700 Club (Television Program with Pat Robertson) shares Christopher's Miracle Story

The 700 Club with Pat Robertson

Christopher's miracle testimony was featured on the the February 4, 2014 episode of THE 700 CLUB. Please watch our VIDEO and share it with your friends and family.

Friday, August 16, 2013

Wishful thinking

It was a beautiful, sunny day with white sand beaches as far as the eye could see, and the sound of the waves gently lapping on the shore.  There was a gentle breeze blowing the palm trees, and beach goers were splashing about in the surf and swimming in the crystal clear, blue-green waters...Just then the blaring, beeping sound of the tube feeding machine snapped me out of my daydream. 

It was the closest thing I was going to get to a vacation.  It helped to pass the time and provided an escape from the awful reality of Christopher's hospital room.  I had to do something to cope with what was going on around me.  The situation with my own child was bad enough, but you only had to look to the next bed to see that things could be much worse.  I was surrounded by suffering, sick children.  Kids with cancer, heart disease, and every kind of horrible thing you can think of were all around me.  They were in pain.  They were scared.  Some couldn't be cured.  They were going to die.  I decided that I could be consumed by the nightmare all around me, or I could escape to a tropical island daydream.  I chose to grab my daydream beach towel, put on my daydream swimsuit and flip flops, and hit the beach.  Where did I put my sunscreen?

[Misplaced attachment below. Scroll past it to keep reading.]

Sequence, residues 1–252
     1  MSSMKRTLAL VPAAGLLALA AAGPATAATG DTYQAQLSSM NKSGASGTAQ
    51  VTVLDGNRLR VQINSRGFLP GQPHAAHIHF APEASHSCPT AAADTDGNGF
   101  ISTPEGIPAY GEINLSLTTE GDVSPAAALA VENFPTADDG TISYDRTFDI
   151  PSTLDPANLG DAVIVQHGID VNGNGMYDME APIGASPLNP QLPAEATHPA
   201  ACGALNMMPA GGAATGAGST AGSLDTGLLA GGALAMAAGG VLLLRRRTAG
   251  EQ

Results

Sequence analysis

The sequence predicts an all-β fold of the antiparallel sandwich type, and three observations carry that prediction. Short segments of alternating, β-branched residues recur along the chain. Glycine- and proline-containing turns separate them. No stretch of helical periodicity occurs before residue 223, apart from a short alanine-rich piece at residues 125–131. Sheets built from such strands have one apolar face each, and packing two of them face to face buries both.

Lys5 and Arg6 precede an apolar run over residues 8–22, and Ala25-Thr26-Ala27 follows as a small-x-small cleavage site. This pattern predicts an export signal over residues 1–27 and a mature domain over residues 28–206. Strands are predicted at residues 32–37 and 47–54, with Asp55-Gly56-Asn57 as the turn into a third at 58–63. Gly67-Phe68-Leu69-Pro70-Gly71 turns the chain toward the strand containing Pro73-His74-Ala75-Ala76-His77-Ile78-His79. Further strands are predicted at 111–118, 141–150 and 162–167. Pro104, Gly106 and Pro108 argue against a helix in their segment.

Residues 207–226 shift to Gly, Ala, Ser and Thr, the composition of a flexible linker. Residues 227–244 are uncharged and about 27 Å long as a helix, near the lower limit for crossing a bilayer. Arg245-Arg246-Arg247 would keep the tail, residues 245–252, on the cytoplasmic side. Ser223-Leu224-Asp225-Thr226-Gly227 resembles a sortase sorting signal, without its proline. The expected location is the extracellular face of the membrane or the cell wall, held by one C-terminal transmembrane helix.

Another thing I did to deal with life (and death) in the hospital was read.  I read tons of magazines, newspapers, and books.  My mom is an avid reader, and she would bring me all kinds of books to help pass the time.  Mysteries were my favorite.  Mary Higgins Clark became my best friend.  I think I read every mystery story she ever wrote as I sat there trying to pretend that the tragedy all around me really wasn't happening.  I kept telling myself to keep reading.  Keep reading.  Don't look up, or reality will smack you in the face.

Our hotel in Maui
Talking on the phone was another one of my aversion techniques.  It didn't always work though.  Sometimes I felt like talking, and sometimes I didn't want to talk to anyone.  Some days I wanted to talk about what was happening with Christopher, and other days I just couldn't do it.  I couldn't face the questions because the answers were just too depressing. 

I often found myself staring out the window at all the people going by.  Some were walking along and drinking their coffee from white Starbucks cups with the familiar green logo on it.  Some were driving their cars.  I watched the traffic and wondered where they were going.  Life was happening.  People were going places and making plans, but I felt stuck.  In the hospital it felt like life was standing still.  Even with all the hustle and bustle of a busy hospital, I felt isolated and alone.  I felt jealous.  I longed for the normal day to day stuff of life. 

 The feeding tube started screaming it's relentless beeping sound again demanding attention from the nurse.  She came in, fixed the problem, and started the machine up again.  That was reality.  That was our new reality, tubes and beeping machines.  The whooshing sound of the formula being delivered into Christopher's intestines made me wonder.  Is this going to work?  Is he finally going to get better?  Is this the last of it, or is some other problem going to present itself?  Only time would tell.  Meanwhile, it was time to get back to my daydream beach and read a good book.

If you have never accepted Jesus Christ as your Lord and Savior, you can pray like this:

More tomorrow...

Christopher on our "real" Maui vacation.
Mike and LeAnne
Michael, Ryan, and Christopher

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